Seductive fembots like Ava in Ex Machina and Samantha in Her are autonomous, but depicted as evil or selfish, because they leave their male owners beset by loss or tragedy. This is very much in keeping with the tropes of robot cinema: all bot cinema contains the moment of the robot uprising. In these films, the gap between human and machine is filled with the robots’ unease at their servility, a challenge to human domination.

Contrast this with another Hollywood narrative that contains a very different portrayal of a fembot, the eponymous Zoe (2018). Set in a near-future of high-performance human-machine ‘synthetics’, the plot revolves around characters in a research lab. These include a scientist who has built an algorithm evaluating the resilience of romantic relationships, and the synthetics he has built; in particular, Zoe, one of his earliest models.

Early in the film, Zoe is forced to acknowledge that she is not actually human, which surprises her because she knows that she has feelings, she feels things. She hankers to cry tears as the ultimate proof of ‘life’, because she believes that this will make it possible for humans to truly love and accept her. (And after all, what could be more human than not feeling unconditionally accepted and loved?)

In a completely different vein, Janelle Monae’s 2018 e-motion picture Dirty Computer represents humans as glitchy and unique, while ‘cleaned’ humans, also known as ‘computers’, are robotic automatons. Monae’s character struggles to resist being programmed like a computer, and keeps trying to ‘remember’ her glitchy human self.

Dirty Computer (2018). Photo credit:
Dirty Computer (2018). Photo credit:

The human and human feelings are ‘real’, whereas bots, on the other hand, are programmed. Or so the narrative seems to say.

In many bot films, human characters find themselves falling into another gap between human and machine: when the more–than–human-bot behaves as if the interactions with humans has meant nothing at all. Or else the bot suddenly appears stupid because it does not understand innuendo, sarcasm, or irony. In these instances, the gap between human and machine is one in which the human realises that the bot was never actually feeling anything, and instead, interacting as if from a script.


I have been thinking about buying my mother a robot pet. My mother is neither a dog person nor a cat person, nor any kind of animal person — unless it is grilled and on a plate in front of her. So it is difficult to know how she is going to feel about Aibo, the pet that I am thinking of getting her.

One half of our family is obsessed with dogs, which means that my mother is highly aware of her disinterest in companionship with these animals. Given my parents’ ages, though, I would like to get them something playful and cheery to have around the house. And I strongly believe that my mother will really enjoy a dog that is no trouble to manage, will not bite her, and won’t be too demanding.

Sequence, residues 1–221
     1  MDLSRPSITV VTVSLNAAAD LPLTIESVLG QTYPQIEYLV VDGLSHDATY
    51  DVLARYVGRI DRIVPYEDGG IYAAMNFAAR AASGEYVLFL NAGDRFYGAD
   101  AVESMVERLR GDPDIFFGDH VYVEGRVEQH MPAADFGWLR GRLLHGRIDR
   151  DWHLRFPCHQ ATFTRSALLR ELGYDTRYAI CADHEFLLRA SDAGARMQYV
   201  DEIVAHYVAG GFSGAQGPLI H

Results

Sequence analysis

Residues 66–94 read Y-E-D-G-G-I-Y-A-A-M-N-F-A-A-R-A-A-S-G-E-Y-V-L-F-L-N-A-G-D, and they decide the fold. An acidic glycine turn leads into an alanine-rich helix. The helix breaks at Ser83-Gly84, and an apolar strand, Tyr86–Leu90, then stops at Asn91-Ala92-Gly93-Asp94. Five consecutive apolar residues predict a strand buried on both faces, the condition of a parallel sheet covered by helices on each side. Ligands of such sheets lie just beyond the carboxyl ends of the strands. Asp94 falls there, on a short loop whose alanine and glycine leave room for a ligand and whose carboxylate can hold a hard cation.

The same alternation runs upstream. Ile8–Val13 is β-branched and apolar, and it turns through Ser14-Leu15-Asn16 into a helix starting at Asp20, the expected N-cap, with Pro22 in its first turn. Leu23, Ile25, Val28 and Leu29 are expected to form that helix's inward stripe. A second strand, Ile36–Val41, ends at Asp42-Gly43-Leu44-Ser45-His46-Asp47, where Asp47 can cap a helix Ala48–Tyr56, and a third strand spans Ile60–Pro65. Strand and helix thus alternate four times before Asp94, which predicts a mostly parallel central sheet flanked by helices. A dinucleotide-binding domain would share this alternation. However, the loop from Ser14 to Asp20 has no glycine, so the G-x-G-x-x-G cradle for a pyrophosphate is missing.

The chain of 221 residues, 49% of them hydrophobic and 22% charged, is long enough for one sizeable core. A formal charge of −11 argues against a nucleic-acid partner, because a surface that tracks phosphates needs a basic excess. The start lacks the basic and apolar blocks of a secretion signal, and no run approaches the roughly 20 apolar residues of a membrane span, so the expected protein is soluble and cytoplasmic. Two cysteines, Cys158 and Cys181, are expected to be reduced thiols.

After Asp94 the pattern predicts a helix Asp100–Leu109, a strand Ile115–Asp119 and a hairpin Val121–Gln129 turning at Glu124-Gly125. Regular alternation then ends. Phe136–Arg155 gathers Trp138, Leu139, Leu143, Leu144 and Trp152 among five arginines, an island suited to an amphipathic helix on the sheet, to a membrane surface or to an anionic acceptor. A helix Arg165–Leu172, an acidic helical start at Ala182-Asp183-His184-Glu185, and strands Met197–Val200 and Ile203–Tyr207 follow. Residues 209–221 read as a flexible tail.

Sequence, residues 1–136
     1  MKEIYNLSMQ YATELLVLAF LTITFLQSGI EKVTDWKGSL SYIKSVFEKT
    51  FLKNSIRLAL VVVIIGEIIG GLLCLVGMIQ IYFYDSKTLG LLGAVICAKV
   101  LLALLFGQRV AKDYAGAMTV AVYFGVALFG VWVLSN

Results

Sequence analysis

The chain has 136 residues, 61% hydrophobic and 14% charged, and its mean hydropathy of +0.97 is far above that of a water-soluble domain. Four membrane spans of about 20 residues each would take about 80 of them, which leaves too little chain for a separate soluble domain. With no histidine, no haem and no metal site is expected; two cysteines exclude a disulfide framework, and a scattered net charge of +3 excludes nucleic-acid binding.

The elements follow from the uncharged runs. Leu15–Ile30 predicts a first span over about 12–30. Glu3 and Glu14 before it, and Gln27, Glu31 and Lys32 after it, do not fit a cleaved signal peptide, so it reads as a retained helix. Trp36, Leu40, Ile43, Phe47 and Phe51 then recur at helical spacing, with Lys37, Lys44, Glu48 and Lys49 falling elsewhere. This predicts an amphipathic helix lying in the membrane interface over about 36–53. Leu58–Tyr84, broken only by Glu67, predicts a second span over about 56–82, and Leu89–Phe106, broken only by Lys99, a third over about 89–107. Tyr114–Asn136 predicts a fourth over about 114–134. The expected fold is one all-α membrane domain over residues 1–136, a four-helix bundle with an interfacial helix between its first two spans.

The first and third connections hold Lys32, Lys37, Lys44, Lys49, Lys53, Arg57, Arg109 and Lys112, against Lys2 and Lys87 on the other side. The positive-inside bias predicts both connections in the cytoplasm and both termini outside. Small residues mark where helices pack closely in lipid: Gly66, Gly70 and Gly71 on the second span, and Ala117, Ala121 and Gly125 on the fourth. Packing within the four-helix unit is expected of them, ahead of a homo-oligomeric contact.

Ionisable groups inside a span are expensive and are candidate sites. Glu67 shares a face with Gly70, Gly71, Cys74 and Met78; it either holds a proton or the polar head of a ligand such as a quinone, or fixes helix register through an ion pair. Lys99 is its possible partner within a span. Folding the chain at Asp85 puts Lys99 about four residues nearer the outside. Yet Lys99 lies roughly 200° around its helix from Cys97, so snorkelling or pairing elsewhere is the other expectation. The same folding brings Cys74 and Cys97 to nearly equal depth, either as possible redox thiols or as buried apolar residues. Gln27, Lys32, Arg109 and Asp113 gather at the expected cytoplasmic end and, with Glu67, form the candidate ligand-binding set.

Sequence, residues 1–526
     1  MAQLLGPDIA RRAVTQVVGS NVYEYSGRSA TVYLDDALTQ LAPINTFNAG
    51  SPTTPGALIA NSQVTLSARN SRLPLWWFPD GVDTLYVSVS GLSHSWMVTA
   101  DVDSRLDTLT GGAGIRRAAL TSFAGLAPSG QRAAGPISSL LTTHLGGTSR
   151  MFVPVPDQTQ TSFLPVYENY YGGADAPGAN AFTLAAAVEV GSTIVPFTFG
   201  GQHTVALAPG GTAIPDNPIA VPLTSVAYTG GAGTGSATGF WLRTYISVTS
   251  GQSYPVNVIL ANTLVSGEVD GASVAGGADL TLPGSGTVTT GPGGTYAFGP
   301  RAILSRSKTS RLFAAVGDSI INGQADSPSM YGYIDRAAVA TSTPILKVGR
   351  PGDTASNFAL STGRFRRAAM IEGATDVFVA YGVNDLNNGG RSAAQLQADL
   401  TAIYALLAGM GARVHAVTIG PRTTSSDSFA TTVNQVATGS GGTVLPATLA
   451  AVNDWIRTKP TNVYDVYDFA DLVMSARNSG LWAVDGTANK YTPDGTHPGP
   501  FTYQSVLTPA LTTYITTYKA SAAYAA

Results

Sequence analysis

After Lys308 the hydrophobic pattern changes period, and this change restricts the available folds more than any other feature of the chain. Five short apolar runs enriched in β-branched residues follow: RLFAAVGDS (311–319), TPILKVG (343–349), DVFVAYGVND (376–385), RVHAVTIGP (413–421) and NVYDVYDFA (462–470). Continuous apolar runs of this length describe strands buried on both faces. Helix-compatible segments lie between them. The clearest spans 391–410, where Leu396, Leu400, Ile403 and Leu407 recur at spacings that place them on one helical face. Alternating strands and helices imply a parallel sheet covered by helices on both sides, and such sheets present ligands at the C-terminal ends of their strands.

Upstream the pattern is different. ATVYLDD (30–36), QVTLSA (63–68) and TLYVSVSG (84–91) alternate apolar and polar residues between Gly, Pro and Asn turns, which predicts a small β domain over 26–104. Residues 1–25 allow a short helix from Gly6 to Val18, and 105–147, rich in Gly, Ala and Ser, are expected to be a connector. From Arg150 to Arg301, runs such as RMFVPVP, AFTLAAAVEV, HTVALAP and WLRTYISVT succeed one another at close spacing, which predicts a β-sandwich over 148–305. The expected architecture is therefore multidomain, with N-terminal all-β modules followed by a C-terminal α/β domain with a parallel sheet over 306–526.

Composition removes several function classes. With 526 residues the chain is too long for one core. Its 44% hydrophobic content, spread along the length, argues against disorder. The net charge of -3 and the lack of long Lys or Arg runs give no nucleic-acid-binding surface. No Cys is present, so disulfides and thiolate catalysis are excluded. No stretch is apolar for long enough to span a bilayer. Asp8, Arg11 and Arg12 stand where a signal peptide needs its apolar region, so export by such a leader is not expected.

Aibo is a two-kilo, 29 centimeter tall, animatronic dog.

Aibo animatronic dog (1999). Photo credit: Facebook @AiBo.
Aibo animatronic dog (1999). Photo credit: Facebook @AiBo.

Aibo, was launched in 1999, discontinued in 2006, and then re-launched in 2018. When Sony discontinued updates to the Aibo in 2006, there were Buddhist funeral rites for the ‘dead’ bionic pet. Organic pet enthusiasts may be concerned by the suggestion that the joy and companionship stimulated by an animatronic pet is somehow less ‘real’. But embodied, non-humanoid companionship is as real as any other kind — because of how we experience it.

There has been an explosion of adorable little bot companions. There is Lovot, ‘powered by love’ — a silly, adorable little robot that just wants to make you happy. The web copy reads: "When you touch your LOVOT, embrace it, even just watch it, you’ll find yourself relaxing, feeling better. That’s because we have used technology not to improve convenience or efficiency, but to enhance levels of comfort and feelings of love. It may not be a living creature, but LOVOT will warm your heart. LOVOT was born for just one reason — to be loved by you."

Then there is Paro, a soft, cuddly, baby harp seal robot that does not move but makes soft, animal noises. It is used as part of therapy for autistic children, and by older people in homes, including those with dementia. Paro does not feel bad if it is rejected or ignored.

PARO therapeutic robot. Photo credit:
PARO therapeutic robot. Photo credit:

Paro does not make the first move and remembers how it was held.

Kismet also has a descendant, Jibo (if we consider their maker, Breazal, to be a matriarch of sorts). Jibo is a friendly household robot that sits on your table answering questions about the news and weather, rather like Amazon Echo might, and also says nice, encouraging things to you. When Jibo was shut down, its users were extremely sad. As one user says: